GIBSONBURG, Ohio - Growing up, Steve Gruner assumed he'd be a dentist someday.
His father was a dentist. So was his grandfather. And his mother worked in the family business too, as a hygenist.
"My nickname since I can remember was 'Little Doc,' " Mr. Gruner recalled. "It was ingrained in me: 'You're the next dentist. You're the next dentist.' "
But after enrolling in the predentistry program at Ohio State University, Mr. Gruner decided to pursue his love of the outdoors and study to become a park ranger. With trepidation, he told his father about his new career plans.
"His response was, 'That's what we always thought you should have done anyway,' " Mr. Gruner said.
More than three decades later, his change of heart seems to have worked out fine. As director of the Sandusky County Park District, Mr. Gruner, 47, oversees 11 employees and more than 1,800 acres of open space and recreational facilities, including a bike trail, a riverfront canoe launch, and a quarry that attracts swimmers, fishermen, and scuba divers.
"I consider my job to be the best job in Sandusky County," he said.
Mr. Gruner, who joined the park district in 1980 and became its top official in 1987, has been named
"Professional of the Year" by the Ohio Parks and Recreation Association. He'll be honored at a luncheon Feb. 8 at the SeaGate Centre in downtown Toledo.
Observers say Mr. Gruner has a talent for stretching dollars, enlisting, and forming partnerships to expand and upgrade the district's facilities and services.
"For at least 25 years, he's been committed to advancing parks and recreation, not just for Sandusky County, but a lot of his work has regional impact as well as statewide impact," said Michelle Park, executive director of the Ohio Parks and Recreation Association. "He's just steady, has great vision, and does so much with so little."
The park district has a budget of about $900,000 a year, roughly half of which comes from a 0.5-mill property tax. The rest of the funding comes from donations or grants - something Mr. Gruner said has been critical to the park district's recovery from a financial crisis that threatened its existence in the late 1980s.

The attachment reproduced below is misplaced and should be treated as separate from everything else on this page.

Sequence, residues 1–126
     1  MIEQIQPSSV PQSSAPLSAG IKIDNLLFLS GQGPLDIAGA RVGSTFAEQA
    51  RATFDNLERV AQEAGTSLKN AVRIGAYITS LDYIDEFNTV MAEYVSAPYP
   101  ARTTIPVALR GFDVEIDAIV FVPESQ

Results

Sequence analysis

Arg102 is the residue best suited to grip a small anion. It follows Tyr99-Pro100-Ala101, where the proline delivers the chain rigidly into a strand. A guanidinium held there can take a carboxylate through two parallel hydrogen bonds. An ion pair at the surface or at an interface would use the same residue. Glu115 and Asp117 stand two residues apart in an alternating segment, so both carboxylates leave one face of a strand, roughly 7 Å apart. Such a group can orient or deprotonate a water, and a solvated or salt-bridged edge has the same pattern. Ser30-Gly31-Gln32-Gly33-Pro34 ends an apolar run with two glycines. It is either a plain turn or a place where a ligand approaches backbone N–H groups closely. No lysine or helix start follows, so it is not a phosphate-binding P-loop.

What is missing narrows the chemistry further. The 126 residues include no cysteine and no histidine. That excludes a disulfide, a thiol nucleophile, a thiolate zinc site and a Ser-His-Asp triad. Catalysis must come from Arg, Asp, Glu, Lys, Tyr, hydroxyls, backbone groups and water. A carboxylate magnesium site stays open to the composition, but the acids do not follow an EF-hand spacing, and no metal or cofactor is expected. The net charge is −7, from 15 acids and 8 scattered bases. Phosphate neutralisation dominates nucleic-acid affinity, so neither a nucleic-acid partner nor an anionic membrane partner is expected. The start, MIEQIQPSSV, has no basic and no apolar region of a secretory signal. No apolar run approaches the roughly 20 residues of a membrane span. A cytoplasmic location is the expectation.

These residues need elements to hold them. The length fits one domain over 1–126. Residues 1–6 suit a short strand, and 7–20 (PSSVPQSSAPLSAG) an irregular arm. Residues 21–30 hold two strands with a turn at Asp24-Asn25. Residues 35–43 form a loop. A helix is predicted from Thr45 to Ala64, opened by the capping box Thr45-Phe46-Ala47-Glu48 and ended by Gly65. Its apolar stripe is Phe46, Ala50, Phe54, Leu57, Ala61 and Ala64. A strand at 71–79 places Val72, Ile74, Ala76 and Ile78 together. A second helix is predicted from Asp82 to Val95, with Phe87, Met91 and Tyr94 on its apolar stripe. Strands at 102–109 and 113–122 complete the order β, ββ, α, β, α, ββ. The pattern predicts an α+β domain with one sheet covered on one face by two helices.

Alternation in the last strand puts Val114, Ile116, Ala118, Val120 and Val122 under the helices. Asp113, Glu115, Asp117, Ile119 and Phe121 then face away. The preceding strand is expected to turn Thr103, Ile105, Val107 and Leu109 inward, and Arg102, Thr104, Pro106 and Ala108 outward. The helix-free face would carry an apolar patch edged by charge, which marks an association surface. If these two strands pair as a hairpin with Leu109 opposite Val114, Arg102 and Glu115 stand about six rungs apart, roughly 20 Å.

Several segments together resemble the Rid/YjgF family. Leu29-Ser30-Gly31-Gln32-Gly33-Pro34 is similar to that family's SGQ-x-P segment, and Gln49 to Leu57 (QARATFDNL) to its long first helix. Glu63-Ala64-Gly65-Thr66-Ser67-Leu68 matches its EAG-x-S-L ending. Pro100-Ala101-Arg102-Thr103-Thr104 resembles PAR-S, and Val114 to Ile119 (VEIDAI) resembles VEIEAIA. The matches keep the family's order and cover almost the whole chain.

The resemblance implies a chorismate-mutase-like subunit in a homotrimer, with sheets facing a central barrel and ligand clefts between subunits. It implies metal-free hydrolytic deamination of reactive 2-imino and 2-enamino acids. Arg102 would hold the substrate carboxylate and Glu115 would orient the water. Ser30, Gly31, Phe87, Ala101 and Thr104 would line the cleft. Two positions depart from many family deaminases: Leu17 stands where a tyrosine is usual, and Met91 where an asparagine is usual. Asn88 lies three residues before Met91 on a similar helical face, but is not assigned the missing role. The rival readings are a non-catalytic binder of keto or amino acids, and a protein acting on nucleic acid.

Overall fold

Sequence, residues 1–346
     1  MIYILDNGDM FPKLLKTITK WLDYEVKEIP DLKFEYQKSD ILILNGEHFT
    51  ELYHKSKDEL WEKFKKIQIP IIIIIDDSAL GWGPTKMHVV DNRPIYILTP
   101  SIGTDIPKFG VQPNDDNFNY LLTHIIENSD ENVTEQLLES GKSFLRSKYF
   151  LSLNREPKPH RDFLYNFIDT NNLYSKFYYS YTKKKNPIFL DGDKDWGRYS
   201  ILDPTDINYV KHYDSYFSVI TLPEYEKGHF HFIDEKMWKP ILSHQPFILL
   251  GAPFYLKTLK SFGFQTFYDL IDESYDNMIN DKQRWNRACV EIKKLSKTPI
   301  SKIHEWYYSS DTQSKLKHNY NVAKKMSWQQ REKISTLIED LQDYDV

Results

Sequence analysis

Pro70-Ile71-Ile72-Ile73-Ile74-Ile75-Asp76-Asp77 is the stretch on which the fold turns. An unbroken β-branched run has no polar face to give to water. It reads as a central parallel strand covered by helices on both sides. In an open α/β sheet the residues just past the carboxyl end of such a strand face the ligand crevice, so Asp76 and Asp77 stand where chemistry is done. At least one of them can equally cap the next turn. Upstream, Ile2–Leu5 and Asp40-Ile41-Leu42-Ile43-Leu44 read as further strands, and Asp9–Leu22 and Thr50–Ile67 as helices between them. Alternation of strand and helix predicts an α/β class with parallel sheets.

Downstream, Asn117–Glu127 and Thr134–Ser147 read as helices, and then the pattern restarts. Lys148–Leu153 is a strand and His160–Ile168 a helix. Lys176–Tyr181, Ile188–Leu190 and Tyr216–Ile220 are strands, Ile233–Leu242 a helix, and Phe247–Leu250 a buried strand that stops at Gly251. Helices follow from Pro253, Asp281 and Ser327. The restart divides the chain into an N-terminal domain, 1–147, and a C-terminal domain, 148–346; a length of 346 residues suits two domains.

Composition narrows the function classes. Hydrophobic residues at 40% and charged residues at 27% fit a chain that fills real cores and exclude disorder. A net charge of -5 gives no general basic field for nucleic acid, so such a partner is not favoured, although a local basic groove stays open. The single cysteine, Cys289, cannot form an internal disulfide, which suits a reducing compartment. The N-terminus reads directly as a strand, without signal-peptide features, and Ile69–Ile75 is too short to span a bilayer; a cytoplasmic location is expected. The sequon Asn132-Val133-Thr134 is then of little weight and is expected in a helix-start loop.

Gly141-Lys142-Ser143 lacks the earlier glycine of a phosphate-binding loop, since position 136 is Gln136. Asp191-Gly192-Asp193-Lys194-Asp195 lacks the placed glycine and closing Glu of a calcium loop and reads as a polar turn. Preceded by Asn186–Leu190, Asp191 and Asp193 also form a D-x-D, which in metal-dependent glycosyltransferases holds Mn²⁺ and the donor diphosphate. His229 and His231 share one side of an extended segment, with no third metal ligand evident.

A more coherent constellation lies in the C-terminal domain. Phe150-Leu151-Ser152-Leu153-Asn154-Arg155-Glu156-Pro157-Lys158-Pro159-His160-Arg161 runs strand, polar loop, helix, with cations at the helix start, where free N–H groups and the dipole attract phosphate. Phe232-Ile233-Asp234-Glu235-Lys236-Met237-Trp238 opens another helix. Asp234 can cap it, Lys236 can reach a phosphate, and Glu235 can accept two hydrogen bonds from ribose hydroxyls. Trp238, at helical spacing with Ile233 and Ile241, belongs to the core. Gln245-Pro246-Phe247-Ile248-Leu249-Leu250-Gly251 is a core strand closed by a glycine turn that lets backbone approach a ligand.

The park district was down to Mr. Gruner and one other employee in 1989 after voters defeated two proposed levies. Mr. Gruner said he and a volunteer committee surveyed residents to see what they wanted from the park district and developed a 10-year plan to beef up programming while decreasing the system's reliance on local tax dollars.
The new approach persuaded residents to pass a 0.5-mill, 10-year issue in 1989, and a replacement levy a decade later.
The stable funding and partnerships with community groups have allowed the park district to restore wetlands, expand camping and boating facilities, and help construct the North Coast Inland Trail, a partially finished bike path that eventually will run from Clyde in eastern Sandusky County to Millbury in northern Wood County.
The park district won nearly $2 million in grant funds last year from the Ohio departments of natural resources and transportation to build a 10.5-mile section of the trail from Fremont to Elmore.
More than $460,000 in grant funds allowed the park district to buy more than 300 acres of farmland near Lindsey in 2004.
Part of that site is being turned into a 1930s-era demonstration farm.
As part of the project, members of the Sandusky County Restorers of Antique Power are helping to rehabilitate a pair of 1870s barns.
"Steve's very good about coming up with these ideas, and of course he's got good help," said Richard Flahiff, a member of the antique power group. "He seems to be very knowledgeable about what works for people, what they want in a park district."
Mr. Gruner said the park district's staff, volunteers, and donors deserve most of the credit.
"My philosophy has always been, surround yourself with good people and good things will happen," he said.
Contact Steve Murphy at: email@example.com or 419-724-6078.41.38454 -83.32072